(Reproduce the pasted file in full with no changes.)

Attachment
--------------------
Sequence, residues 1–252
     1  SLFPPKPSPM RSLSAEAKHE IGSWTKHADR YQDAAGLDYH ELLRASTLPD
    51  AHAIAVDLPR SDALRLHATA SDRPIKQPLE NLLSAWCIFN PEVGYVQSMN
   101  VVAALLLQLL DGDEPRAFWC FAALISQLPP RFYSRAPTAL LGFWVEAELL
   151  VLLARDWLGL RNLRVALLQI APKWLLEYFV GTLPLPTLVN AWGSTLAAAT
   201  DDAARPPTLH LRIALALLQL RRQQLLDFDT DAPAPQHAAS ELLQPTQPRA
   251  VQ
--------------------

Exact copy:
Sequence, residues 1–252
     1  SLFPPKPSPM RSLSAEAKHE IGSWTKHADR YQDAAGLDYH ELLRASTLPD
    51  AHAIAVDLPR SDALRLHATA SDRPIKQPLE NLLSAWCIFN PEVGYVQSMN
   101  VVAALLLQLL DGDEPRAFWC FAALISQLPP RFYSRAPTAL LGFWVEAELL
   151  VLLARDWLGL RNLRVALLQI APKWLLEYFV GTLPLPTLVN AWGSTLAAAT
   201  DDAARPPTLH LRIALALLQL RRQQLLDFDT DAPAPQHAAS ELLQPTQPRA
   251  VQ